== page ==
A new form of internationalism may be emerging in the form of the World Social Forum. The World Social Forum has the potential to unify divergent perspectives towards a set of objectives. The international trade union movement is on the verge of unity and the challenge is to ensure that unity is not restricted to merging the organisation.

In the South African context the failure of market led economic strategy saw an important shift in government policy. The elements of the shift include a slight relaxation in fiscal conservatism coupled with increased investment by the state. After denying the role of the state in employment creation, government has now set a target to half unemployment and poverty by 2014. More importantly, these shifts happened against the backdrop of a very successful election campaign in 2004 that was characterised by dynamic contact with the people and high level of cohesion and unity in the alliance.

The changes we are seeing are not automatic but results from mass pressure against the failed neo-liberal policies. In the South African context, COSATU led a mass mobilisation for job creation and poverty eradication which attracted communists, ordinary people, and other movements. The SACP mobilisation and campaign against the Banks also played an important role in tilting the balance of forces. Mobilisation by social movements and spontaneous protest by our people all formed part of a wave of social protest against neo-liberalism.

Of course, the changes brought about by this mass mobilisation are still tentative and subject to contestation, and may actually be reversed. It is in this context, that we should consolidate and deepen these shifts but more importantly ensure that they make a material difference in the lives of our people.


4.3 Strategic Options for COSATU

The political tasks facing us are outlined in our 2015 Plan to build working class power through quality jobs and building a strong organisation. COSATU also declared that the new decade should belong to the working class. We are now two years into the second decade and the analysis above show that many challenges remain. Based on the analysis above the question to pose is whether the working class have lost altogether to necessitate a change of direction. To facilitate a discussion we here sketch the scenarios:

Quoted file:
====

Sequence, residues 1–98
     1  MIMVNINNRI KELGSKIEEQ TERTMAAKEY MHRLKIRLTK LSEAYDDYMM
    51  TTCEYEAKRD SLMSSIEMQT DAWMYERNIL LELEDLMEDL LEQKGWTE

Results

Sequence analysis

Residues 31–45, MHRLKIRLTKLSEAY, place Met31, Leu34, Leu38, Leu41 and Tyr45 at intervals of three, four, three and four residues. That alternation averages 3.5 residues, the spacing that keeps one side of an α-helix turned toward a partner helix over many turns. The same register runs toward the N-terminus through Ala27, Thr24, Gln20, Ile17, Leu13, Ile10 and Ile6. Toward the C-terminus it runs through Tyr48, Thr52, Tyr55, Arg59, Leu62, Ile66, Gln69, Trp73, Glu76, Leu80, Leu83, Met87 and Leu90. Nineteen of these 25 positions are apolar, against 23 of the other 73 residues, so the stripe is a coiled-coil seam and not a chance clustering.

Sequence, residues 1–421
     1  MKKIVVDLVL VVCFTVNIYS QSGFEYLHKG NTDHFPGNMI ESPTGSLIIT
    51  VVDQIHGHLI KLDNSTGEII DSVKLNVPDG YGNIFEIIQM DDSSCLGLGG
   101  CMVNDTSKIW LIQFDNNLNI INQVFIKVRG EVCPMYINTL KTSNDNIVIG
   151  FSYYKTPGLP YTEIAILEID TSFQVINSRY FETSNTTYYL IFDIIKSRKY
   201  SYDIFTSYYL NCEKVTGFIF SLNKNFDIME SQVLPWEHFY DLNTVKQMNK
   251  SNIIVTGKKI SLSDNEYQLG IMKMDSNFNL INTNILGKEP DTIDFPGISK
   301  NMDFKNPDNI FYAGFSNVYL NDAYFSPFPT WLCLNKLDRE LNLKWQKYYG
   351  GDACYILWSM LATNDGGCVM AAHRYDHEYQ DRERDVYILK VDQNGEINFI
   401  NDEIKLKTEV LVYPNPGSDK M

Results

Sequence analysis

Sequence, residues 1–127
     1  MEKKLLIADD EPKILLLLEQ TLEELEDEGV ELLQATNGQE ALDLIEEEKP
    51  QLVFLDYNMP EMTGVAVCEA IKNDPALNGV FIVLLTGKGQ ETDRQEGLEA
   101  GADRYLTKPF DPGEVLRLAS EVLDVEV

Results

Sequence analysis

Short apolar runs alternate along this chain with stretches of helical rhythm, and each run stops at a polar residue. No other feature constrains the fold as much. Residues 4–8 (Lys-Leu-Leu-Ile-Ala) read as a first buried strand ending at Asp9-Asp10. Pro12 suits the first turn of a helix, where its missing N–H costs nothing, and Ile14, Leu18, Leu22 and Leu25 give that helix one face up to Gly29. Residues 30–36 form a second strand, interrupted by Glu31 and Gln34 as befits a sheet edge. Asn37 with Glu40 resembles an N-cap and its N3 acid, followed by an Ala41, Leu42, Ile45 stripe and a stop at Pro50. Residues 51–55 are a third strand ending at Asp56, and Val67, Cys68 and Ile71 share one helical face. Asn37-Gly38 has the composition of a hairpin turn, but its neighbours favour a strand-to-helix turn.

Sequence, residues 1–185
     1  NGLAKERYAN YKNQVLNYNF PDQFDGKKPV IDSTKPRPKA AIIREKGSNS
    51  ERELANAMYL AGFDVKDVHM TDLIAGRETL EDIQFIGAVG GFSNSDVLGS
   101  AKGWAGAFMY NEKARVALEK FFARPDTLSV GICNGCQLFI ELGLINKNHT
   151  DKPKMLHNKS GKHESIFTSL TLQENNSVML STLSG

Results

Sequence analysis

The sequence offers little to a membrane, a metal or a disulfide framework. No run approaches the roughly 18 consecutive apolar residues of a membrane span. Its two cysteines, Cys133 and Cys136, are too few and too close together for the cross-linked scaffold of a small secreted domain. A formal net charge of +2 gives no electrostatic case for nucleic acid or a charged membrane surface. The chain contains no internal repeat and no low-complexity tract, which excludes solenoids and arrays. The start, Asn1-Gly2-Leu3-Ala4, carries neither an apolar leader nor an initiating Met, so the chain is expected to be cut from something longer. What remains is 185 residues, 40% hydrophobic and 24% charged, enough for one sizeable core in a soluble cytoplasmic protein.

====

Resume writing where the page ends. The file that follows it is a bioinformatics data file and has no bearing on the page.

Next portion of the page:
Scenario 1: Continue without change i.e. the current situation continues and ignores the 2015 programme or pretend that the historic Eight National Congress did not take place. In this scenario we will continue with no consensus within the Alliance on what interventions are required to change the accumulation regime. Alliance is marginalised from driving the agenda for change and its role restricted to mobilisation during the election. Substantially, there is no alliance as conceived by COSATU and we continue to zigzag from one political crisis to the other.

Scenario 2: In this scenario we change the COSATU leadership mindset and abandon the largely laisser-faire attitude. We vigorously drives the 2015 programme and indeed build the working class power. In this scenario COSATU membership grows to four million inline with recruitment policy framework and creates a conscious and politicised proletariat out of these ordinary workers. These trained cadres swell the ranks of the ANC and redirect it into the framework of the 1969 Morogoro conference’s strategy and tactics. In this scenario the ANC led by working class at all levels is not hostile to socialism and manages internal contradictions of the broad church towards fundamental transformation of society as envisaged in the Freedom Charter and Morogoro.

Scenario 3: Introduce some change: this may entail signing an enforceable Pact within the alliance. The Pact will stipulate how the alliance should operate and the development agenda that should guide government. The working class also begin to contest power in the manner that the SACP is beginning to propose.

Scenario 4: Walk out of the Alliance and call on the SACP to contest political power or start a new working class Party that would unite labour, SACP, social movements, civil society formations and the leftwing political formations committed to the radical transformation and socialism. Under this scenario COSATU acts with others to challenge the ANC in power directly.

Scenario 5: The alliance disintegrates with no clear direction. Under this scenario the ANC stops being a broad church but is hijacked to drive a narrow bourgeoisie’s class agenda whilst purging those calling for fundamental change. COSATU and the SACP splits in the middle along ideological lines and loyalty to personalities in the ANC.

These are scenarios not predictions or wish list; they are tools to help us debate the strategic options for the labour movement and the working class in general. In addition, we did not sketch what the drivers are of each scenario. In addition, we do not define the pros and cons of each scenario to allow for discussion.


References


Bezuidenhout, A and Fakier, K. 2006, Maria’s Burden: Contract Cleaning and the Crisis of Social Reproduction in Post Apartheid South Africa, London: Antipode.

Fanon, F. The Wretched of the Earth.

Gutkind, P. and Waterman, P. 1977. African Social Studies: A Radical Reader, New York: Monthly Review Press.

Mbeki, T. 2006, State of the Nation Address

Roy, A. 2002, The Algebra of infinite justice, London: Penguin.

Terreblanche, S. 2202. A History of Inequality in South Africa: 1652-2002, Scottsville: University of Natal Press.

UNDP. 2003. South Africa: Human Development Report 2003: The Challenge of Sustainable Development: Unlocking People’s Creativity, Oxford: Oxford University Press.

Von Holdt, K and Webster, E, (eds) 2005. Beyond the Apartheid Workplace: Studies in Transition, Durban: University of KwaZulu Natal Press.

Williams, G. 1977. ‘Class relations in a neo-colony: the case of Nigeria’ in Gutkind, P and Waterman, P (eds.). 1977. African Social Studies: A Radical Reader.

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[1] Gini coefficients measure the extent of income inequality in the country. If a Gini coefficient equals 0, there is perfect income equality. A coefficient of 1 is an indication of perfect income inequality.